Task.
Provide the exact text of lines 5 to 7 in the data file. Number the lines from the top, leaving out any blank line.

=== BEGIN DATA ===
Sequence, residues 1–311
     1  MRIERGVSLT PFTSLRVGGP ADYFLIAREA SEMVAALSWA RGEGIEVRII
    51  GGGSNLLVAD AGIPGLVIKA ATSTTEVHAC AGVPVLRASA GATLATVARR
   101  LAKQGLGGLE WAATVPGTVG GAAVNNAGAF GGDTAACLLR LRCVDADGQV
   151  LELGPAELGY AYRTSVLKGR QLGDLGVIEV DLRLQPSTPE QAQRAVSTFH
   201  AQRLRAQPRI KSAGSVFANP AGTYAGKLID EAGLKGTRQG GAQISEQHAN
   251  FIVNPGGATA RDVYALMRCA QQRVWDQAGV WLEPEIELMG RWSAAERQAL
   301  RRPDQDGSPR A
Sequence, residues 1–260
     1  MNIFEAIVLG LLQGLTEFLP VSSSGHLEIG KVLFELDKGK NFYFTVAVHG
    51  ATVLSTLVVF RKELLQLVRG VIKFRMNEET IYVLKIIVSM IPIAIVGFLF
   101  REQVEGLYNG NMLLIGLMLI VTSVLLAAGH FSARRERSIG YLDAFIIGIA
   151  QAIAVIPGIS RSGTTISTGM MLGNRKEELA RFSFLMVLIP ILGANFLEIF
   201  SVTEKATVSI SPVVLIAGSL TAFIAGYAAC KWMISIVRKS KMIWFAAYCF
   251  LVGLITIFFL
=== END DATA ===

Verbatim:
   151  LELGPAELGY AYRTSVLKGR QLGDLGVIEV DLRLQPSTPE QAQRAVSTFH
   201  AQRLRAQPRI KSAGSVFANP AGTYAGKLID EAGLKGTRQG GAQISEQHAN
   251  FIVNPGGATA RDVYALMRCA QQRVWDQAGV WLEPEIELMG RWSAAERQAL